While oral lesions that macroscopically are highly suspicious for cancer shall be submitted to scalpel-biopsy and histologic evaluation, the majority of facultatively precancerous lesions, such as leuko- and erythroplakias or even persistent lichen planus lesions, may be assessed by brush-biopsy and cytology. As this non-invasive procedure is well tolerated by patients, more lesions may be screened and thus more oral cancers may be found in early, curable stages. Oral brush-biopsies can easily be performed by dentists, dental surgeons and general practitioners. While sensitivity of exfoliative cytology alone is about 4 % lower than bioptic histology, the combination of the latter with DNA-image-cytometry reaches the same diagnostic accuracy as the former (sensitivity 97.8–100 %, specificity, 97.4–100 %). As clonal chromosomal- and DNA-aneuploidy mostly precede cytological and histological evidence of malignancy in the squamous epithelium, its detection allows the diagnosis of oral squamous cell carcinomas up to 2 years earlier. Moreover, the additional use of DNA-image cytometry is a reasonable tool for the assessment of the resection margins of squamous cell carcinomas. DNA-image-cytometry could help to find the appropriate treatment option for patients and thus might improve their prognosis. Diagnostic DNA-image-cytometry is an objective method and has internationally been standardized.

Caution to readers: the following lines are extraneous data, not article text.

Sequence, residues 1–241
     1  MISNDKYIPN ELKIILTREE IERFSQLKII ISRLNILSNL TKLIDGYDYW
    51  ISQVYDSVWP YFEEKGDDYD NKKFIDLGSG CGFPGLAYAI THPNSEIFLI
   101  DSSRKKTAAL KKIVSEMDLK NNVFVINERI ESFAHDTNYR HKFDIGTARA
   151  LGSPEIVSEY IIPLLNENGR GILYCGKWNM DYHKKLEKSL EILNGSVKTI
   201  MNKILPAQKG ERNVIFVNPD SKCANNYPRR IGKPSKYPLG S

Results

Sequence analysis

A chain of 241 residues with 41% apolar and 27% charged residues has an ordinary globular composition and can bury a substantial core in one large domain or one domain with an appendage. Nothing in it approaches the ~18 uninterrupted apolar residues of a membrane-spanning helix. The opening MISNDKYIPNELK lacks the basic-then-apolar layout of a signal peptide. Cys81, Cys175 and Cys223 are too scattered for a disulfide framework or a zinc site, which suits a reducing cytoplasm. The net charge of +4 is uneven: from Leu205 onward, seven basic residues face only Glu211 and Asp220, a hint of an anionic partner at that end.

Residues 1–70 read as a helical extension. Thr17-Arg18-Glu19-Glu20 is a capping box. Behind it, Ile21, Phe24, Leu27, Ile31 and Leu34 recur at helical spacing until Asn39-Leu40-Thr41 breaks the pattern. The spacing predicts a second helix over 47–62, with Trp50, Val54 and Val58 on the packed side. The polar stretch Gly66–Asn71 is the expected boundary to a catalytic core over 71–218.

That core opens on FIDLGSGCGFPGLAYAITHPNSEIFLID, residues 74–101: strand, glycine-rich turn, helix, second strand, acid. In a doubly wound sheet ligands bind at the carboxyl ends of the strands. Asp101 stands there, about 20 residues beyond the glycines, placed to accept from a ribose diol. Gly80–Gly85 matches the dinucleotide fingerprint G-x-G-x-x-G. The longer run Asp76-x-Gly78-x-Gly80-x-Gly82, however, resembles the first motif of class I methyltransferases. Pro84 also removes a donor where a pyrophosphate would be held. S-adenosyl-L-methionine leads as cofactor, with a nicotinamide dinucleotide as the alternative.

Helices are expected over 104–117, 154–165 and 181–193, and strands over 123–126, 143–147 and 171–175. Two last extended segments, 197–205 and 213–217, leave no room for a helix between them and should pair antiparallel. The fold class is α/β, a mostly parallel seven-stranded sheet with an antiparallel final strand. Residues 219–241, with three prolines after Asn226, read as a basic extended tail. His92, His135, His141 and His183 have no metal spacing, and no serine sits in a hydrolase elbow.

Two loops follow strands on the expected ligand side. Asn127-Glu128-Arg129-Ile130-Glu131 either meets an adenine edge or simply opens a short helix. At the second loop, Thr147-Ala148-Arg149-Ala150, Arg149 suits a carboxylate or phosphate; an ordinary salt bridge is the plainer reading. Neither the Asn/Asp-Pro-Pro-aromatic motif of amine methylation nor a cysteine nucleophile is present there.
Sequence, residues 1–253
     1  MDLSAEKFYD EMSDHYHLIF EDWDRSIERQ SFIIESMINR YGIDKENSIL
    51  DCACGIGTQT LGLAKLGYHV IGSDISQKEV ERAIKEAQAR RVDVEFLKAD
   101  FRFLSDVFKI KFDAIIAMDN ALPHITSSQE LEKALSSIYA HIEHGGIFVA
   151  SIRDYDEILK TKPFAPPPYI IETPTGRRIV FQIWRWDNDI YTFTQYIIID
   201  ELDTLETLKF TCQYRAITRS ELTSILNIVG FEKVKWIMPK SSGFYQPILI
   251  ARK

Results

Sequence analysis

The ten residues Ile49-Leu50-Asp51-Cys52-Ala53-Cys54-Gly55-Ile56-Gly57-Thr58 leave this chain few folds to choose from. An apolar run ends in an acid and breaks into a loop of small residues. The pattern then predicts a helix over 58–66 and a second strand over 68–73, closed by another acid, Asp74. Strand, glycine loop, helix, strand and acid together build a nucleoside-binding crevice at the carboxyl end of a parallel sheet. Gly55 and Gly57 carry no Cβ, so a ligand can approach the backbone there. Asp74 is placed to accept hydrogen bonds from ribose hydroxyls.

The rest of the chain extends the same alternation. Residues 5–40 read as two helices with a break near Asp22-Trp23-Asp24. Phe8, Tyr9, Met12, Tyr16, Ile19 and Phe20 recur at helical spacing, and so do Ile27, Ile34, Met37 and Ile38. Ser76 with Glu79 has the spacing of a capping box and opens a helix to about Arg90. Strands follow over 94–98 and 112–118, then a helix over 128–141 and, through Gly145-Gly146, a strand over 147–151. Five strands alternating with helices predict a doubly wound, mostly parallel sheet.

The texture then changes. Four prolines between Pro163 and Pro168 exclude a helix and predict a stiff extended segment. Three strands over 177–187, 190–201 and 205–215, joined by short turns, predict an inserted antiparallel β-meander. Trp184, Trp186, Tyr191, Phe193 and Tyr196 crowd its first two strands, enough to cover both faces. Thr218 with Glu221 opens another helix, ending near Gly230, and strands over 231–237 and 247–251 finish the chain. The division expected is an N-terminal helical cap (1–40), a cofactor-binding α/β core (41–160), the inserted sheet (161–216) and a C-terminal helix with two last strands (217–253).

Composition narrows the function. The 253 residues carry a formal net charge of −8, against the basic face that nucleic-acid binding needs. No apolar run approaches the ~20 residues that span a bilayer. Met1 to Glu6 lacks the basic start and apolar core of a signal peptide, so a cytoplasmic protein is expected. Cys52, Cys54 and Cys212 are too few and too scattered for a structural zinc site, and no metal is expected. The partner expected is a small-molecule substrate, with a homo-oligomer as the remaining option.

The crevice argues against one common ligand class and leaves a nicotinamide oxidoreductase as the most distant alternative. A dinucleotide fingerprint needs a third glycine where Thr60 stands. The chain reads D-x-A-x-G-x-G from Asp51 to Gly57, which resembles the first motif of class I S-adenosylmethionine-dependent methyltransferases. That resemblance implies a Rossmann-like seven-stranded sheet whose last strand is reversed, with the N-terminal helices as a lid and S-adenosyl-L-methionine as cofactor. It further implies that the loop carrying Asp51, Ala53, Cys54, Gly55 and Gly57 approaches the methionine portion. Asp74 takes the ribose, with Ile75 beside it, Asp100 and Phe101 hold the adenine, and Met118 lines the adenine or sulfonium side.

Here for the first time we describe the performance of a device for automated screening of oral brush-biopsy-smears, based on a cascaded diagnostic strategy: (1) Automated selection of morphologically suspicious nuclei, (2) Interactive control and correction of these on digital image galleries, (3) DNA-measurements on these only, (4) Final diagnosis on DNA-histograms and nuclear morphology.
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